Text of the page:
by Jeff Poppen
The Southeast Biodynamic Association was formed after our first annual conference in 1987. Realizing the value of shared experiences and observations, we agreed to gather together regularly, we think we are celebrating our silver anniversary, but our accounting may be off.
Harvey Lisle called us the rebels, and insisted we hold our own conference. He had been involved with biodynamics since 1950, and was referring to the independent nature of Hugh Lovel, Hugh Courtney and me, who all lived in the south. Harvey’s own open-mindedness, mirth and spirituality certainly guided our group, and he never missed a conference and the opportunity to spring forth new ideas.
Hugh Lovel hosted the first nine conferences in Blairsville, Georgia. Each year Hugh Courtney would focus on one of the nine preparations and we learned hands on how to make them. There were other lectures and workshops, and we did not shy away from controversial subjects. Waldorf teachers, Anthroposophical doctors and many other students of Rudolf Steiner kept a lively flow of conversations going.
From the very start we agreed on one thing, we had to be on a farm eating our own food. We understand that the bridge between thinking and activity required proper nutrition. It would do no good to offer education without biodynamic farm and food to feel the difference and inspire commitment. Every August I loaded up the pickup truck with melons tomatoes and whatever else Hugh didn’t grow, and made the trip to Georgia. Everything from the breads and beans to the meat and diary was grown on our farms, and the meals were stellar.
A festival atmosphere was created, mimicking the words used in the agriculture course regarding their conference. Children playing added to the merriment, and the music and bonfires and eventually a talent show all became as important as the lectures, and the food kept getting better as our soils improved.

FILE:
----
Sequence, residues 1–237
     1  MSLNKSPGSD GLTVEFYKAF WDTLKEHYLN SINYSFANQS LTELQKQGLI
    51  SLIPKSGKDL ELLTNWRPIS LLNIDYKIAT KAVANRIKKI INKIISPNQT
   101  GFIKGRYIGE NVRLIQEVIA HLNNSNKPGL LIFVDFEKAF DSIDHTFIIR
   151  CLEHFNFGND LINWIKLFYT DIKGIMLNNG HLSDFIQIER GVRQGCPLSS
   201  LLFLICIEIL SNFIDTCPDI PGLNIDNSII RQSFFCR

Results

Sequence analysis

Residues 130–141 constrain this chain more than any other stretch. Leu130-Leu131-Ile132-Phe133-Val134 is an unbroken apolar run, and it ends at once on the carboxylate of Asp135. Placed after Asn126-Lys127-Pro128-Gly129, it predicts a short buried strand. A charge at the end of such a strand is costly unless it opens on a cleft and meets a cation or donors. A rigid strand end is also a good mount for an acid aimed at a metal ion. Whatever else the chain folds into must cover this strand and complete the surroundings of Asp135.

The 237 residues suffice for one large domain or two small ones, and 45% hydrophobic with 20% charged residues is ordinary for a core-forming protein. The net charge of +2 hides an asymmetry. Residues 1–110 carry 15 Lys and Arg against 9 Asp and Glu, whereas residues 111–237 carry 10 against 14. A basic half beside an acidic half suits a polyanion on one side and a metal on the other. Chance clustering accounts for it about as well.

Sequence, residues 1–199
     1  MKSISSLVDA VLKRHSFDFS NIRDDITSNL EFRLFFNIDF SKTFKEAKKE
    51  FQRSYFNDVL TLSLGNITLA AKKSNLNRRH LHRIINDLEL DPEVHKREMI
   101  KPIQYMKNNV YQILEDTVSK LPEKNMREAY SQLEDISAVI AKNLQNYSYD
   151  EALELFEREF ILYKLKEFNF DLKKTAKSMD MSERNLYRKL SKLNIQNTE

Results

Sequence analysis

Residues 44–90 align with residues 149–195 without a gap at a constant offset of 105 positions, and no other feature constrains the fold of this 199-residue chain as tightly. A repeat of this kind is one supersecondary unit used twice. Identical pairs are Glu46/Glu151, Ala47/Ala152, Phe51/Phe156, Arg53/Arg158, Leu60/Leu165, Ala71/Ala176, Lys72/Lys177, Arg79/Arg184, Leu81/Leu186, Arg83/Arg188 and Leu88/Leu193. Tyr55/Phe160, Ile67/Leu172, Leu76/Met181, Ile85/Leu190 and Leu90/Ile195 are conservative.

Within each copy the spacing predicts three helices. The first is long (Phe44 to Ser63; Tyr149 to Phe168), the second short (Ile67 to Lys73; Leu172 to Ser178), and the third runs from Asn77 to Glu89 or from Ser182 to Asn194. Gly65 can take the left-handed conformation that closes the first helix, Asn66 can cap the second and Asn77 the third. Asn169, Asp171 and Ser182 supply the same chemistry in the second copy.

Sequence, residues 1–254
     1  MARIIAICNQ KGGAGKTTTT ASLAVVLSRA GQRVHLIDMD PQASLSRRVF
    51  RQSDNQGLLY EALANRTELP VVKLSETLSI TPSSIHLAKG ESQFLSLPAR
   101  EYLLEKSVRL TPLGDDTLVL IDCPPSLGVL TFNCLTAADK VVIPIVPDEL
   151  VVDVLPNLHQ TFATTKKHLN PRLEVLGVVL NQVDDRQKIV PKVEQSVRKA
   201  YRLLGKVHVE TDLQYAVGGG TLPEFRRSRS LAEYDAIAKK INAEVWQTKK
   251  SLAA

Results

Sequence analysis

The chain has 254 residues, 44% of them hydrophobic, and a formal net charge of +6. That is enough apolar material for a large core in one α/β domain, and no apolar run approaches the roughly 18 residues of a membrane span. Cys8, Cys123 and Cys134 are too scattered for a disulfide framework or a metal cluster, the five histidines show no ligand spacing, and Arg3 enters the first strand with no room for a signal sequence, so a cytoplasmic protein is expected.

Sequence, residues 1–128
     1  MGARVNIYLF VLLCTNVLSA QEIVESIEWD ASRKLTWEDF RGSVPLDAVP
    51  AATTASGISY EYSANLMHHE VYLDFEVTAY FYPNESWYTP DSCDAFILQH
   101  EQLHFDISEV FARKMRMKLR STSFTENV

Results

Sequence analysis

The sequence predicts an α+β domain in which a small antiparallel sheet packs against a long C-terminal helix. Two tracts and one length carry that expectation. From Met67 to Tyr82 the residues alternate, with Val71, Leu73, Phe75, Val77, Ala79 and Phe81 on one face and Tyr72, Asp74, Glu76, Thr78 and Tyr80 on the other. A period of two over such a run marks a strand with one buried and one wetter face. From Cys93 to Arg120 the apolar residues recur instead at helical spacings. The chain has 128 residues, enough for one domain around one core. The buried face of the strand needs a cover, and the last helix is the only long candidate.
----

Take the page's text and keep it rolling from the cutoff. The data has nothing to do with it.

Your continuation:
Forming our association on the last day of our first conference, we agreed on a few principals. The Southeast Biodynamic Association was open to all and required no dues. The conference fee of $100 (which is still the same 25 years later) would be waived if need be. You become a member by attending the party.
We organized it using ideas gained from the three-fold social order. On the one hand, free reign was given to spiritual ideas with no strings attached. To do this we use no money, no staff, no newsletter and no rules. On the other hand we promote biodynamics through economics, by creating profitable, model farms.
For example, by our farm being Demeter certified for 12 years, the word biodynamic appeared on grocery store shelves all over Tennessee. The many interns from our farms also spread the word, and several now have their own farms and gardens and apprenticeship programs.
By 1995 we are hosting the conferences here in Red Boiling Springs. Our association accepts no grants or money, with one exception. The National Biodynamic Association helps us to bring in a lecturer most years. In 2005 we hosted the National Conference, and many folks commented that it was special to be on a farm rather than at a hotel.
So here were are 25 years later, celebrating our 25th Southeast Biodynamic Conference. But I think it’d actually our 26th. Were lucky we don’t have accounting to deal with. The word conference has been changed to celebration, and the 150 attending members will no doubt do their best to add to the festivities. The feeling we have as we go into our 25th (or is it 26th?) year is more of a family reunion.